The Real IRA's first interview post-Massereene shows it to be more bullish than ever. Neither the passionate denunciation of Sinn Féin leaders, nor the condemn­ation of wider Irish society, has affected the organisation one iota.

Its language is uncompromisingly militant. There are none of the nuances we came to hear from Sinn Féin and Provisional IRA figures from the mid-1980s onwards. If the Real IRA had a slogan it would be, 'An armalite in one hand and we don't do ballot boxes'.

However much mainstream opinion, both nationalist and unionist, might revile Real IRA leaders, it's a mistake to believe they're stupid or insane. The Army Council representative's words were chillingly ruthless. But they were well thought-out.

There were no mad-cap boasts that the Real IRA would "free Ireland" in a few years.

The organisation has a strategy in the short- to medium-term: to disrupt the normalisation of Northern Ireland and to draw the security forces back into an openly combative role.

It also aims, as the Provisionals once did, to destabilise any political settlement short of a united Ireland. While the Stormont Executive has shown remarkable unity so far, pressure on it will increase in the event of further killings or bombings and community tensions will rise.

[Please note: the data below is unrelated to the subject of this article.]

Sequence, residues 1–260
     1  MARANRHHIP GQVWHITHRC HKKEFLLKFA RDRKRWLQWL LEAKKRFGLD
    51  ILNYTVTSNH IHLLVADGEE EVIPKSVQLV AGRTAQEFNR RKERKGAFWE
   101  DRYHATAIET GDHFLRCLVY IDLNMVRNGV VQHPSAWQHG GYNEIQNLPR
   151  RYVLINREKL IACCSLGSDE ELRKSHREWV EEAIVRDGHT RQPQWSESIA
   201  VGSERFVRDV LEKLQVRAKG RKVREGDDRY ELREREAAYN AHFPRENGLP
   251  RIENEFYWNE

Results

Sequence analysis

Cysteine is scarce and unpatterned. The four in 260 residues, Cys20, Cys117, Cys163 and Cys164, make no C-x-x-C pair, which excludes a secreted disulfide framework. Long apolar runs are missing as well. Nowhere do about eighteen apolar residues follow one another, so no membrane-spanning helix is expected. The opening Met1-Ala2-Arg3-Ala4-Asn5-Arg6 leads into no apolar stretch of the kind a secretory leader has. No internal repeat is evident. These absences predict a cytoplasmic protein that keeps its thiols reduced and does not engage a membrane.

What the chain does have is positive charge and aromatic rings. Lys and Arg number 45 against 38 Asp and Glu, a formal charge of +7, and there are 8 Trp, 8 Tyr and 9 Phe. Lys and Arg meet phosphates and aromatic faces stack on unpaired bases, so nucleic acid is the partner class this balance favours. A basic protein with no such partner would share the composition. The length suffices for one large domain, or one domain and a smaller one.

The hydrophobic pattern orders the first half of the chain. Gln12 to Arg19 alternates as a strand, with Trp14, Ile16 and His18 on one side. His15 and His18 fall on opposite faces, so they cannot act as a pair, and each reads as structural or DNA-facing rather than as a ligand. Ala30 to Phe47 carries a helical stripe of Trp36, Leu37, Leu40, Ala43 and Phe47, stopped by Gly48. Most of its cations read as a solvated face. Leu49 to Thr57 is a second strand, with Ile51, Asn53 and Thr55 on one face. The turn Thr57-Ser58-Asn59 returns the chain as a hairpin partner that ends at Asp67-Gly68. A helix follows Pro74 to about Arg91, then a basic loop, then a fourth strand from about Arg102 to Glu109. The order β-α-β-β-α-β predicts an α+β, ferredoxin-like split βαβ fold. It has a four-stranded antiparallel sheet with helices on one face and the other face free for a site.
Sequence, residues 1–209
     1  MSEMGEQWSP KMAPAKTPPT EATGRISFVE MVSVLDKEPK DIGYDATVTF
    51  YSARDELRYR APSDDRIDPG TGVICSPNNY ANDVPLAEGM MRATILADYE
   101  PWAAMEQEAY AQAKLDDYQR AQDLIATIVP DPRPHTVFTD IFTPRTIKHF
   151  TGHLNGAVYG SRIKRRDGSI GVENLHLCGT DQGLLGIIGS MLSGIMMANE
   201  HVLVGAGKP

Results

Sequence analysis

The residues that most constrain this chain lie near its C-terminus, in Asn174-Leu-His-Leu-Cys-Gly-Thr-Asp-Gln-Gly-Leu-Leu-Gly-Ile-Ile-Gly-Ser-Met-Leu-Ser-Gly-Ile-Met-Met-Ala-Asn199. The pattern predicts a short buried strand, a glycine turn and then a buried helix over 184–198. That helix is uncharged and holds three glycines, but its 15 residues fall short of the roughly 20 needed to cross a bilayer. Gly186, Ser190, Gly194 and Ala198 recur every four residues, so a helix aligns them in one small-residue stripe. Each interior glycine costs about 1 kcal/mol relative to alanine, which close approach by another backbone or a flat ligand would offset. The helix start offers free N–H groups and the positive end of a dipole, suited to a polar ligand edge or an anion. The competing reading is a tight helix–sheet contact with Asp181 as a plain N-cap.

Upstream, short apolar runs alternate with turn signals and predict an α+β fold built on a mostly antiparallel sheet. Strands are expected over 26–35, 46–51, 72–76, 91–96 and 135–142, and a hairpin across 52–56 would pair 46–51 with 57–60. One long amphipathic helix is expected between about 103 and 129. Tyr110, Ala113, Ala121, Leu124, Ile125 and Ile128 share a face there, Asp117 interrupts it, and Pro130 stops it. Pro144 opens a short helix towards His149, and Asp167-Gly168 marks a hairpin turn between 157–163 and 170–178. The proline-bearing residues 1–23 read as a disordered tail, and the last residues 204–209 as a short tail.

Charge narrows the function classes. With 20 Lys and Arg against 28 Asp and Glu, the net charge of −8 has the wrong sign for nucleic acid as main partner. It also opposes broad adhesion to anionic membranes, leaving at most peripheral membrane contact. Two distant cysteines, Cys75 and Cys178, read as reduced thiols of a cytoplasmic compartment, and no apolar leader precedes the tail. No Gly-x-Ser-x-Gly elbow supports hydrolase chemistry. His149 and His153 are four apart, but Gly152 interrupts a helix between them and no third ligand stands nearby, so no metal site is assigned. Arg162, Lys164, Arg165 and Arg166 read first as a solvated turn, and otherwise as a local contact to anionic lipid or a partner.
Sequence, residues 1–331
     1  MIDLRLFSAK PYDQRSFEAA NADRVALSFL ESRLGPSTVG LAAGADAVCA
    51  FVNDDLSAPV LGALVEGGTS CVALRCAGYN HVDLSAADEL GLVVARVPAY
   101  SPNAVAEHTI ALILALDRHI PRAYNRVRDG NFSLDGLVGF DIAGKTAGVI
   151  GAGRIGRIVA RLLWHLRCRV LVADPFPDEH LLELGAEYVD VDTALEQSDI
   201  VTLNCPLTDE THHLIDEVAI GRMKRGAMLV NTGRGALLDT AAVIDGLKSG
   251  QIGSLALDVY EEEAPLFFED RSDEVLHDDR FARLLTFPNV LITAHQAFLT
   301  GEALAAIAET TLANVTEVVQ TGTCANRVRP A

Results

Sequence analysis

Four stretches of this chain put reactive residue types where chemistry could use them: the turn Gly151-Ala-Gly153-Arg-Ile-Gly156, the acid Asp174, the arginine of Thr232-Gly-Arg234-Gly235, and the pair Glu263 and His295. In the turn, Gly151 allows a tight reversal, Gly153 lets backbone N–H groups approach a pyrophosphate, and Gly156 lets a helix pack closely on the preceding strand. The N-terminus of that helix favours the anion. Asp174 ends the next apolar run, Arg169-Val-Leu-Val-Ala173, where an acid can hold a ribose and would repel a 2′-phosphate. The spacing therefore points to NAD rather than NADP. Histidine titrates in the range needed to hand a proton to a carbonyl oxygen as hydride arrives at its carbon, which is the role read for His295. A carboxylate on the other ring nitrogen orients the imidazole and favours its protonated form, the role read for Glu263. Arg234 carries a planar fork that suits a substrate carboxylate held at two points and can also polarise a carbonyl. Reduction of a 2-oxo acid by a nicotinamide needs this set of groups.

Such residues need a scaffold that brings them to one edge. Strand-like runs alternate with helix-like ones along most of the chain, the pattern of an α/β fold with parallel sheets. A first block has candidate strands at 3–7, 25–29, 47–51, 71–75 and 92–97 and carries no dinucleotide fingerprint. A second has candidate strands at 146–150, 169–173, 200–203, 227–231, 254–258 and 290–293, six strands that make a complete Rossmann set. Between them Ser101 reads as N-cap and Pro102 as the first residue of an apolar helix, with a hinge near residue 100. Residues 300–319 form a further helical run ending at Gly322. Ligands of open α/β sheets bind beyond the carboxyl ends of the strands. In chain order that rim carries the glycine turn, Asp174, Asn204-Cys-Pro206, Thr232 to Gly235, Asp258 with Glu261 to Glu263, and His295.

The Northern peace process was held up internationally as a shining example. While it's certainly not disintegrating, it appears slightly tarnished after Massereene and Craigavon. The days of the gunmen and bombers were meant to be well and truly over.

When I first interviewed the Real IRA last year, its deadly intent was obvious. But there was still a public impression of its members as incompetent armchair generals or bar-stool republicans who could only talk the talk.

That has all too tragically been proven wrong. The Real IRA's open contempt for the Provisionals shows it doesn't fear them. While once the organisation believed the mainstream IRA might try to wipe it out, that possibility receded as the Provisionals moved further into the peace process.

The Real IRA's survival will depend on several factors: whether or not ordinary nationalists inform on it to police; if it's developed shadow structures to function in the event of key personnel being arrested; and if it avoids such atrocities as Omagh in which 29 civilians were massacred.

Nationalist Ireland regards the Easter Rising leaders as heroes. They certainly don't share that view of the Real IRA. When I asked its Army Council representative what he made of that, he was dismissive: "The men and women of 1916 were outcasts in their time. They were actually spat on by ordinary Dubliners as they were being led away by the British. Being popular doesn't concern us."